Sivo v. Wall, No. 10-1836 (1st Cir. 2011)

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Justia Opinion Summary

Petitioner, convicted of first-degree child abuse in Rhode Island state court, was denied habeas corpus by the district court. Petitioner was watching his girlfriend's two-and-one-half-year-old child when the child became increasingly ill. It was later determined that the child, who survived, incurred a subdural hematoma and was suffering increased intercranial pressure that threatened his life. Petition claimed that the child, who did not show signs of prior abuse, was prone to falling and had fallen down stairs. The First Circuit affirmed, stating that the evidence was circumstantial, but substantial.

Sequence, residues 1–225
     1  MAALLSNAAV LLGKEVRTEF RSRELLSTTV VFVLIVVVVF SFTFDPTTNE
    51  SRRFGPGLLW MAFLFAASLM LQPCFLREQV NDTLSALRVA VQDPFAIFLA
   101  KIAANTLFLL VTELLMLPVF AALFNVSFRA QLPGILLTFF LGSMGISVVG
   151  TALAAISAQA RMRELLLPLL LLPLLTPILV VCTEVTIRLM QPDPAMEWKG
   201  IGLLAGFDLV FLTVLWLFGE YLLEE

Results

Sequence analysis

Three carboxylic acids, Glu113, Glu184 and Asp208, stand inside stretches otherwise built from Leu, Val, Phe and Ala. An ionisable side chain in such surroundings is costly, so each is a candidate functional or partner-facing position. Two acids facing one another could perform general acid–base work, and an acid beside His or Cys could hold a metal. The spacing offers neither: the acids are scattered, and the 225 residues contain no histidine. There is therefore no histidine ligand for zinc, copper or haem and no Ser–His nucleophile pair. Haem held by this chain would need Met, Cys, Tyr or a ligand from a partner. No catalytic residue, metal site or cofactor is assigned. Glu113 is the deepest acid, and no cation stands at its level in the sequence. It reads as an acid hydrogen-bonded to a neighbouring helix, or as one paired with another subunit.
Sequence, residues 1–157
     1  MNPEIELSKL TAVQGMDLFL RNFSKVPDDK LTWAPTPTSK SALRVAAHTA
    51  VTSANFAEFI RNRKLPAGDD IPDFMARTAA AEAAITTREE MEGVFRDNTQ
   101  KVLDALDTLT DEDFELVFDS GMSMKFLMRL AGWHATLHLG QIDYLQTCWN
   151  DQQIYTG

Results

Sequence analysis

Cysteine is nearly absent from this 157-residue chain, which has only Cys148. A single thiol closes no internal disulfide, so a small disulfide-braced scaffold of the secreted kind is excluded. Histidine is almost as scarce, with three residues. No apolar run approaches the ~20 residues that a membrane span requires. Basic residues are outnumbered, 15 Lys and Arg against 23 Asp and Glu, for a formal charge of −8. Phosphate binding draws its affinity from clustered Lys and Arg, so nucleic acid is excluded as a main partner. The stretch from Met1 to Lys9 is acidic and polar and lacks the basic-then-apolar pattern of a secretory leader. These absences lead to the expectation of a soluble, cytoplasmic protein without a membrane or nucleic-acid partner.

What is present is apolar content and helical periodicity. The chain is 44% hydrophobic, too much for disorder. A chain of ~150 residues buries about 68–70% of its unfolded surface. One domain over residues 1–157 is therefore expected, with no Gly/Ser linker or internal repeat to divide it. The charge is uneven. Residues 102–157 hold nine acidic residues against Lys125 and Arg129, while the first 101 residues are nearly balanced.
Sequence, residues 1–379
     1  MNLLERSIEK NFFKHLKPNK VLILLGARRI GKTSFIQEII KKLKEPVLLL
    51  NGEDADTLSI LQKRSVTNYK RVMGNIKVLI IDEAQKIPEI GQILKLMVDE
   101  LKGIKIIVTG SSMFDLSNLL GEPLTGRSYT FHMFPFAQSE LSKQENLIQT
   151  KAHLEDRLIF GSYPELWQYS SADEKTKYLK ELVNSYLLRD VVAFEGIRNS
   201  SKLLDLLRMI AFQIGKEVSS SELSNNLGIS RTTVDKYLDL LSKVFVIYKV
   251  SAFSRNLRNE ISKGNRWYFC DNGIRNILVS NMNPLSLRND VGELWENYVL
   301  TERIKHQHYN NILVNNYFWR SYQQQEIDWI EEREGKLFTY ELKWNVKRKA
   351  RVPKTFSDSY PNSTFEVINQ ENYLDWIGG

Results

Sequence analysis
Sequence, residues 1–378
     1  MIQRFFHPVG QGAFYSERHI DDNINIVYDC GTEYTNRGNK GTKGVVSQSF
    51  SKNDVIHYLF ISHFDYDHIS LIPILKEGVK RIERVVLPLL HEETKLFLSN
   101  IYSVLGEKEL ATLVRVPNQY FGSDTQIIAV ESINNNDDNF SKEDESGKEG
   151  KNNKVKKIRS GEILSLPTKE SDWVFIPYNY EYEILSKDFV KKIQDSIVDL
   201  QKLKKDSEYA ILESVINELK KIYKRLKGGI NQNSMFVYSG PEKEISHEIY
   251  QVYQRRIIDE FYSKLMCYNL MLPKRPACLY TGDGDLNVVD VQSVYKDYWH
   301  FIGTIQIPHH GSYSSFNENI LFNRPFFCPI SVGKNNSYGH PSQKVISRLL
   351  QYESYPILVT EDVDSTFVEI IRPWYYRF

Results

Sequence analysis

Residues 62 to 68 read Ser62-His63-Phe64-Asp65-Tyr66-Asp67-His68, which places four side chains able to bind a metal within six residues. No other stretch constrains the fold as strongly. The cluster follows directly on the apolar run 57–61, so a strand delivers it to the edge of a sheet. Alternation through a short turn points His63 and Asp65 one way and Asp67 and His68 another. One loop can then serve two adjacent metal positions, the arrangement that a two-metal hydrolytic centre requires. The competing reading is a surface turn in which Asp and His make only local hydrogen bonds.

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United States Court of Appeals For the First Circuit No. 10-1836 DEREK SIVO, Petitioner, Appellant, v. A.T. WALL, Director, Rhode Island Department of Corrections, Respondent, Appellee. APPEAL FROM THE UNITED STATES DISTRICT COURT FOR THE DISTRICT OF RHODE ISLAND [Hon. William E. Smith, U.S. District Judge] Before Torruella, Boudin and Lipez, Circuit Judges. Richard K. Corley, by appointment of the court, for appellant. Aaron L. Weisman, Assistant Attorney General, with whom Patrick C. Lynch, Attorney General, was on brief for appellee. June 30, 2011 BOUDIN, Circuit Judge. degree child abuse in state Derek Sivo, convicted of first- court, appeals from the federal district court's denial of his petition for a writ of habeas corpus. The charge against Sivo was that he inflicted injuries on John W. Jr. ("J.J."), the then two-and-a-half-year-old son of Sivo's girlfriend, Kimberly Mathieu ("Kim"). Sivo's central claim now before us is one of insufficient evidence. We outline briefly the central facts and prior proceedings.1 On November 1, 2001, Kim and J.J. woke up at around 7:30 or 8:00 a.m. and went out for breakfast. J.J. said that he did not feel well and wanted to stay home that day. Kim left for work at around 11:15 a.m., leaving J.J. in the care of her boyfriend, Sivo. Kim called home between 3:30 and 4:30 p.m. and Sivo said that J.J. was sick. Upon Kim's return home from work at around 6:30 p.m., Sivo told Kim that J.J. was not feeling well and had earlier that day fallen down some of the stairs that led to their basement apartment. Sivo reported that when J.J. fell, he was not crying and seemed mostly okay. When Kim went in to check on J.J., who was sleeping, he awoke and said "Hi, Mommy," and then resumed his 1 The facts are primarily drawn from the Rhode Island Supreme Court's decision affirming Sivo's conviction, State v. Sivo, 925 A.2d 901 (R.I. 2007), and are supplemented when necessary with facts from the record when they are consistent with the Rhode Island Supreme Court's findings, see Lynch v. Ficco, 438 F.3d 35, 39 (1st Cir.), cert. denied 549 U.S. 892 (2006). -2- sleep; Kim felt that J.J. was running a "little fever," and so she gave him Motrin and checked on him periodically during the night. The next morning, on November 2, 2001, J.J. did not wake up as usual at 7:30 or 8:00 a.m. realized that J.J. was still When Kim awoke at 10:00 a.m. and sleeping and found him "not responsive," she called J.J.'s pediatrician, Dr. Cheryl Flynn. When Kim brought J.J. to Dr. Flynn's office later that day, Dr. Flynn found that J.J. was barely awake but "arousable"; was having trouble "hold[ing] himself up"; and "could not bear [his own] weight or walk." At Dr. Flynn's direction, J.J. was taken to Hasbro Children's Hospital. At the hospital, J.J. was found to be in an "altered level of consciousness" and was "virtually nonresponsive." J.J. was treated by Dr. John Allison Duncan III, chief of neurosurgery at Brown University Medical School and an expert in pediatric neurosurgery, and Dr. Seth Asser. They determined that he had incurred a subdural hematoma--a collection of blood on the surface of the brain--and was suffering increased intercranial pressure that threatened his life. In an emergency operation, the surgeons removed two blood clots from J.J.'s brain--a "fresh" one caused by an injury that the doctors determined occurred sometime between a few days to a few hours before the surgery, and an older one that was four to eight weeks old. While the surgery saved J.J.'s life, he suffers -3- significant complications from his injuries, including weakness on his right side, lack of peripheral vision, speech problems and a permanent limp. Hasbro's Child Protection Team contacted the police. A detective from the Cranston Police Department arrived at Hasbro at 7:00 p.m. the same evening, questioned Kim and one of J.J.'s doctors and then summoned Sivo. Sivo came to the station at 10:40 p.m. and repeated what he had told Kim earlier: that J.J. fell down the last few stairs on the way down to their basement apartment; that J.J. was not crying after the fall, and only indicated that his "butt" and the back of his head hurt; and that J.J. napped later that day because he was ill. Sivo also gave similar statements to other investigators. On February 13, 2002, the Cranston Police Department filed a criminal information charging Sivo with one count of firstdegree child abuse of a child under the age of five, in violation of state law. R.I. Gen. Laws § 11-9-5.3 (2002). The offense occurs when "a person having care of a child . . . knowingly or intentionally . . . [i]nflicts upon a child serious bodily injury." Id. § 11-9-5.3(b)(1). Serious bodily injury is defined to include injury that creates a substantial risk of death, causes protracted impairment of function or evidences subdural hematoma. Id. § 11-95.3(c). -4- At trial, the jury heard--in addition to what is recounted above--testimony from all three doctors who saw J.J. on November 2. Doctors Duncan and Asser testified that the subdural hematomas must have been caused by a severe blow such as a fall from a significant height; that the injury was "non-accidental"; that (according to Dr. Duncan) a fall down the stairs could explain the injury only if J.J. were thrown down the stairs and landed primarily on his head; and that (according to Dr. Asser) child abuse was the likely cause. None of the three doctors identified signs of abuse other than the subdural hematomas. Sivo presented as a witness Dr. Thomas Morgan, a neurologist; Dr. Morgan gave as his medical opinion J.J. was not the victim of abuse: J.J. had none of the telltale signs of being abused, including facial bruises, a black eye, a broken jaw, chest or pelvic injuries, fractured skull, broken ribs or swollen tissue. Dr. Morgan suggested that the subdural hematomas were likely caused by an August 2001 seizure that resulted in J.J. becoming weaker on his right side and more prone to falls. Dr. Morgan further testified that J.J. was predisposed to developing subdural hematomas, and so any fall--including a fall down the stairs--could have triggered one; and that the lack of external evidence of abuse and J.J.'s behavior on November 1-2--at first normal but becoming progressively weaker and more lethargic-was consistent with Dr. Morgan's assessment. -5- Dr. Morgan conceded that he never examined J.J., but instead based his conclusions on a review of police reports, medical records and an interview with Kim. There was conflicting evidence on yet another matter. According to Kim, falling was not unusual for J.J.; she claimed that after two falls in August 2001, J.J. began falling frequently, a matter that pediatrician. concerned J.J.'s Kim enough maternal to raise grandmother, it with Roseann J.J.'s Mathieu ("Roseann"), and his biological father, John W. Sr., testified for the state, asserting that J.J. was not clumsy and fell no more than an average two-year-old. Roseann also testified that J.J. often did not want to go to Sivo's home. At the close of evidence, Sivo moved for a judgment of acquittal, which was denied. On October 23, 2002, the jury found Sivo guilty of first-degree child abuse; he was later sentenced to twenty years imprisonment, twelve to serve and eight suspended with probation. Although the Rhode Island Supreme Court ordered a hearing in the trial court on Sivo's new trial motion, that motion failed and the Rhode Island Supreme Court ultimately affirmed the conviction and sentence. Thereafter, a federal district court considered a habeas petition by Sivo, 28 U.S.C. § 2254 (2006), ultimately denying relief but granting a certificate of appealability on one issue, id. § 2253(c)(2), namely, "whether the denial of Sivo's motion for -6- judgment of acquittal violated his constitutional rights." Our review of the district court is de novo, Santiago v. O'Brien, 628 F.3d 30, 33 (1st Cir. 2010), but our review of the underlying state court determination--that the evidence against Sivo was sufficient--is more restricted. Specifically, under the habeas statute, factual determinations by state trial and appellate courts are presumed correct unless disproved by "clear and convincing evidence." 28 U.S.C. § 2254(e)(1); Clements v. Clarke, 592 F.3d 45, 47 (1st Cir.), cert. denied, 130 S. Ct. 3475 (2010). As to legal issues, the state court legal ruling must stand unless it is contrary to Supreme Court precedent or amounts to "an unreasonable application of" clearly established such precedent, 28 U.S.C. § 2254(d)(1), which requires more than mere disagreement by the federal court, McCambridge v. Hall, 303 F.3d 24, 36 (1st Cir. 2002) (en banc). The federal constitutional rule invoked by Sivo is based on the due process clause of the Fourteenth Amendment and set forth in Jackson v. Virginia, 443 U.S. 307, 313-16 (1979). The standard under Jackson is "whether, after viewing the evidence in the light most favorable to the prosecution, any rational trier of fact could have found the essential elements of the crime beyond a reasonable doubt." Id. at 319. The Rhode Island court evaluated Sivo's claim under state law doctrine equivalent to Jackson, see State v. Day, 925 A.2d 962, 974 (R.I. 2007), so the "unreasonable application" -7- test governs, Foxworth v. St. Amand, 570 F.3d 414, 426 (1st Cir. 2009), cert. denied, 130 S. Ct. 1710 (2010). In practice habeas review under Jackson, constrained by doctrines already described, is reserved for unusual cases and its standard "is rarely met where there is plausible evidence to support a verdict." 2010). Put Tash v. Roden, 626 F.3d 15, 20 (1st Cir. differently, Jackson applies where there is no substantial evidence of guilt or where the evidence amounts to little more than colorable speculation. O'Laughlin v. O'Brien, 568 F.3d 287, 300-01 (1st Cir. 2009), cert. denied, 130 S. Ct. 1142 (2010). In this case the evidence against Sivo was circumstantial but it was nevertheless substantial. First, the two doctors who were most closely involved in treating J.J. for the subdural hematoma testified that it could only have occurred with an extremely powerful blow or by being thrown from a considerable height and was not consistent with a mere stumble down a few stairs. The defense expert disagreed but he had not examined J.J., and in any event the jury, which heard the witnesses testify, is entitled to evaluate their credentials and the persuasiveness of their explanations. See United States v. Calderon, 77 F.3d 6, 10 (1st Cir. 1996). Second, Sivo was alone with J.J. for the pertinent period. The state's medical testimony was that once J.J.'s injury occurred, he would not have been able to function normally: Dr. -8- Asser testified that J.J.'s injury would not be "consistent with any kind of lucid interval," and that J.J. would likely have been groggy, would not have been able to stand or walk, would not respond if someone talked to him or moved him, and would have been moaning. Yet, Kim's testimony indicates that, at breakfast the same day and before he was entrusted to Sivo, J.J. was functioning normally even if he did not feel well. Third, Sivo's own statement to Kim during their phone call--he did not testify at trial--confirmed that J.J.'s condition worsened while he was in J.J.'s care and he was asleep and apparently groggy when his mother arrived home, worse the next morning and by that afternoon almost unable to function. Combined with the medical testimony, this fairly indicates that something occurred while J.J. was in Sivo's care that precipitated the injury. Fourth, both Dr. Duncan and Dr. Asser testified that the injury was consistent with J.J. having been hit hard with a hard object; there was no evidence that he had fallen from a great height or been in a car crash; and the only explanation provided before trial by Sivo (that J.J. had stumbled down a few stairs) was ruled out by Dr. Duncan as sufficient to cause so serious an injury. Roseann's testimony that J.J. did not want to be left with Sivo reinforced, if only slightly, the likelihood that Sivo had struck the child. -9- On appeal, Sivo points out that no one can show exactly how the injury was incurred, but that is of little help to his position. If the jury could rationally conclude that the only plausible injury was a fierce blow and that only Sivo was around to administer it, the precise motive, weapon and other details are not critical to the chain of reasoning. signs of prior abuse absolve Sivo. Nor does the lack of obvious A single act of great violence is as much a violation as a string of episodes. Sivo also says that the state failed to rule out all other possible scenarios that would be consistent with Sivo's innocence, but that is not part of the state's burden: "'[b]eyond a reasonable doubt' does not require the exclusion of every other hypothesis; it is enough that all 'reasonable' doubts be excluded." Stewart v. Coalter, 48 F.3d 610, 616 (1st Cir.), cert denied, 516 U.S. 853 (1995). In fact, Dr. Asser testified that there was no reasonable explanation other than deliberate violence for this injury. Sivo also submitted to this court articles published in medical journals that express the view that subdural hematomas can arise in some children for reasons other than abuse and severe trauma.2 However, one such article explains that in a study of the 2 E.g., Thomas Pittman, Significance of a Subdural Hematoma in a Child with External Hydrocephalus, 39 Pediatric Neurosurgery 57, 57-58 (2003) (noting that some conditions "predispose a child to develop a subdural hematoma after even minor injury," and discussing specifically one condition--external hydrocephalus--that -10- causes of subdural hematomas, only four percent of those caused by accident were the result of falls, all from a height of "greater than 10 feet onto unyielding surfaces," Kenneth Feldman et al., The Cause of Infant and Toddler Subdural Hemorrhage: A Prospective Study, 108 Pediatrics 636, 643 (2001), and discusses an extensive body of literature that suggests that "stairway falls are unlikely to cause serious infant and toddler injury," id. at 637. What is more, the articles are not evidence presented to the jury and the question is whether a rational jury could convict on the evidence before it. (1st Cir. 2008). Leftwich v. Maloney, 532 F.3d 20, 27 For habeas claims generally, the record is that developed in the state court, Cullen v. Pinholster, 131 S. Ct. 1388, 1398-99 (2011), save in very limited circumstances not present here--for example, when evidence was not discoverable through due diligence at the time of the trial, see 28 U.S.C. § 2254(e)(2); Leftwich, 532 F.3d at 27 & n.6. This case is readily distinguishable from O'Laughlin, 568 F.3d at 287. There, the defendant was a highly plausible suspect in a murder, but there was no evidence that he had in fact been present--let occurred. might make hematomas). alone uniquely present--at the time that murder J.J. was unquestionably in Sivo's custody, and the children especially prone -11- to developing subdural explanation for the injury given in Sivo's statement to the police was directly contradicted by the testimony of two doctors. In sum, the Rhode Island Supreme Court did not unreasonably apply the Jackson standard in upholding the jury's verdict, and the district court did not err in denying the petition for habeas. Affirmed. --Concurring opinion follows-- -12- TORRUELLA, Circuit Judge, Concurring. I join the majority because the deferential standard of review compels that we affirm Derek Sivo's conviction, but write separately to stress how near to the boundary this case falls. The evidence, when viewed in the light most favorable to the prosecution, showed that J.J.'s injury required a high degree of force -- far in excess of the defendant's suggested cause -- and that it was suffered while in the care of the defendant. The prosecution, however, offered no explanation as to how or why J.J.'s injury took place,3 other than to generally attribute the injury to the defendant. On this decidedly sparse basis a jury returned a conviction, which was then in turn upheld by the Rhode Island Supreme Court. See State v. Sivo, 925 A.2d 901 (R.I. 2007). Although circumstantial evidence can be sufficient to sustain a conviction, O'Laughlin v. O'Brien, 568 F.3d 287, 302 (1st Cir. 2009), cert. denied, 130 S. Ct. 1142 (2010), it must still meet some constitutional baselines. A conviction will survive habeas review if "after viewing the evidence in the light most favorable to the prosecution, any rational trier of fact could have found the essential elements of the crime beyond a reasonable 3 Dr. Duncan testified that he did not see any marks on J.J.'s body evidencing the cause of his injury and that he could not say where or how J.J.'s injury occurred, but could pinpoint the approximate time of J.J.'s two brain injuries. State v. Sivo, 925 A.2d 901, 907 (R.I. 2007). -13- doubt." Jackson v. Virginia, 443 U.S. 307, 319 (1979) (emphasis in original). We accept, as we must, the assessment (by the prosecution's experts) of the approximate time as of which J.J. suffered his injury, and, consequently, that the injury took place while in the sole care of the defendant.4 However, this evidence is not sufficient, by itself, to sustain Sivo's conviction, since one of the elements of the crime in question requires that the defendant injury. "knowingly or intentionally" inflict R.I. Gen. Laws § 11-9-5.3(b)(1) (2002). serious bodily Therefore, only in conjunction with the finding that the injury was knowing or intentional can the prosecution's evidence suffice. Dr. Duncan and Dr. Asser testified to this effect, opining that the injury was "non-accidental." Sivo, 925 A.2d at 907-08. How they were able to reach such a conclusion from merely observing a subdural hematoma is at least one of the circumstances that causes me to have concerns regarding the outcome we must approve. Be that as it may, this was apparently valid opinion evidence, which was rebutted by defendant's expert and ultimately believed by the jury. Hence the question becomes whether the jury can convict a defendant -- of knowingly or intentionally inflicting serious bodily injury to a 4 Dr. Duncan testified that a blow, sufficiently powerful to leave a subdural hematoma, would have left J.J. in such a state that his mother would have noticed before she left. See Sivo, 925 A.2d at 907. -14- child -- on the basis that the defendant had sole access to the child when the latter suffered an injury that, according to the prosecution's expert witnesses, could not have been accidental. The criminal justice system must allow for some inferences in order to properly function, but courts must endeavor to ascertain the point at which a reasonable inference becomes overly speculative. This case poses such a quandary. Although we must draw all reasonable inferences in favor of the prosecution, "a reviewing court must refrain from giving credence to evidentiary interpretations and illations that are unreasonable, insupportable, or overly speculative." Foxworth v. St. Amand, 570 F.3d 414, 425 (1st Cir. 2009) (internal quotations omitted). Some level of intellectual rigor beyond bald acceptance of state court findings is required. Id. We approached a similar issue in O'Laughlin, overturning a denial of a habeas petition where the prosecution's case relied primarily on the defendant's mere presence near the scene of the crime. O'Laughlin, 568 F.3d at 302. While the instant case may have a superficial congruency to O'Laughlin, there remains a crucial distinction. Whereas in O'Laughlin there were numerous individuals with access to the victim, Sivo had sole custody of conviction O'Laughlin, J.J. during resulted but not from a the critical from the reasonable period. rank Hence, speculation inference that Sivo's found the in only individual capable of inflicting the injury did in fact do so, a -15- criminal res ipsa loquitur. The line separating permissible inferences from groundless speculation defies clarity, but it lies somewhere between the instant case and O'Laughlin. In the present case, a rational jury could find Derek Sivo guilty beyond a reasonable government's circumstantial case. doubt, if it believed the That said, although I concur with the majority, I wish to stress how scant the evidence against Sivo was. sufficient The to prosecution's explanation prosecution's sustain doctors for J.J.'s the medical testimony conviction. disproved injury, but the If to barely anything, defendant's failed was the suggested provide a more specific cause than "acceleration and deceleration of the brain like that caused by a car accident or a fall from a height of several stories." Sivo, 925 A.2d at 908. There was no history of child abuse or outward signs of the cause of J.J.'s brain injury and the prosecution could offer no explanation for why or how Sivo purportedly administered the injury, even though such an injury allegedly required the force of a car accident, severely limiting the possible causes. Id. at 907-08. Further, Dr. Duncan testified that typically there is a visible mark on the scalp of a child who suffers a subdural hematoma, yet none of the three doctors who examined J.J. saw one. Id. at 907. In addition, it is debatable how the prosecution's expert witnesses could have opined with confidence that J.J.'s injury was "non-accidental," where they -16- admitted to not being able to ascertain how or where it occurred and where the possible explanations provided by such experts (e.g., a car accident or a fall from height) are situations that may also ostensibly occur accidentally. The prosecution's construction of the pertinent time line was also suspect. J.J.'s mother was able to communicate with him after the alleged blow (e.g., J.J. responded "Hi, Mommy" when Kim checked on him after returning from work on November 1), see Sivo v. Wall, 2010 U.S. Dist. LEXIS 65045, *13-14, 2010 WL 2636024, *4 (D.R.I. June 28, 2010), in direct contradiction to Dr. Asser's testimony that, immediately following the injury, J.J. would not have responded if someone talked to him or moved him, and would have been moaning, see Sivo, 925 A.2d at 908. The aforementioned inconsistencies, compounded by the generally meager offering of proof, should have given the jury pause. Instead, the jury convicted and put a man in jail on a showing of evidence that flirts with the fringes of permissibility, even under Jackson's limited review. Though I believe this case to be exceedingly close, given the limited review which is available to this court, I have no choice but to concur in affirming this outcome. with extreme reluctance. I do so, however, I would not have convicted Derek Sivo, but the jury was within its rights, if ever so barely. -17-